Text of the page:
(from Naima Starkloff and Roi Ankori-Karlinsky)
Naima measuring tree diameter
We spent FWT in the hills of Sri Lanka investigating the conservation potential of Home Gardens. This agroforestry method, used in Sri Lanka for several thousand years (yep, several thousand) mimics the structure and composition of natural forest but combines it with crops, fruit trees, etc. It’s managed by human beings, from the species selected to desired growth rates. Naima’s research (for her senior thesis, with Kerry Woods) looked at bird diversity within these forests in comparison with eucalyptus plantations (another human-managed habitat) and a preserved natural habitat. Roi did a more focused study on one bird species, the endemic and endangered Sri Lanka Wood Pigeon.
We got up with the sun and counted birds for an hour each morning. We spent the afternoons measuring trees, assessing canopy structure, and fending off cobwebs. We both had to memorize and recognize 82 different bird calls. We ate lots of curry, hiked through some of the most beautiful tropical forests Roi had ever seen (ok, he’s never been to the tropics before), and did a lot of data entry in the mosquito-heavy evenings.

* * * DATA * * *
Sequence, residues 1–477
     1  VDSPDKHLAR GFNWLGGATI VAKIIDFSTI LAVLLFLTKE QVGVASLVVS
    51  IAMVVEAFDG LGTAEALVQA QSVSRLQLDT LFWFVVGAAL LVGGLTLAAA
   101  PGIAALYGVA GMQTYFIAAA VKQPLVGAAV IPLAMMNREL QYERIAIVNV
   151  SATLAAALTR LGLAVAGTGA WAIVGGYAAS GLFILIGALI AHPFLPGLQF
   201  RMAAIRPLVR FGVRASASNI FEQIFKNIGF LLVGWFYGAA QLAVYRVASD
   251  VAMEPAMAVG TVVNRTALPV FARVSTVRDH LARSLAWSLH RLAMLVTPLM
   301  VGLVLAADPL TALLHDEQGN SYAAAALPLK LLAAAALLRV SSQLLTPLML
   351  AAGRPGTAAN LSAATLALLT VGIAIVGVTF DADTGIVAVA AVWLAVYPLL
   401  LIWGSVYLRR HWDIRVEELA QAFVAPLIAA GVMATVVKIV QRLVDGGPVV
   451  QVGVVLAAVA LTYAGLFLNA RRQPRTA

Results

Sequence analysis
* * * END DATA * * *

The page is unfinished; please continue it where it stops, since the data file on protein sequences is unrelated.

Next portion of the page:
Naima’s project explores the potential for using bird diversity as an assay to measure conservation potential in human forests such as home gardens and Eucalyptus-Pine plantations, as well as in native-mixed deciduous forests. More specifically, she is testing the hypothesis that habitat/canopy complexity is a driver of avian diversity across these habitats. Spring semester will involve analyzing these data for her senior thesis; look for it in the library, as well as in a Science Workshop presentation in May! You can read more about Naima’s work now on her tumblr.
Roi on a hot tea break in a foggy Eucalyptus-pine forest
Under the tutelage of Nireka Weeratunge, Roi played “catch the pigeon” in the afternoons. Normally a forest bird, the Sri Lanka Wood Pigeon also enjoys anthropogenic goods. It loves the home-garden’s buffet of tea trees, cinnamon leaves, fresh pepper, and the canopy cover provided by the mango trees. Roi confirmed two nesting pairs and suspected a third, and found a nest with an egg on top of a mango tree. Though rare and fragile, the Wood Pigeon seems to like the home-garden atmosphere, suggesting a potential role for home-gardens in protecting this Sri Lankan endemic species. Look out for a presentation by Roi on his FWT in the first couple weeks of term!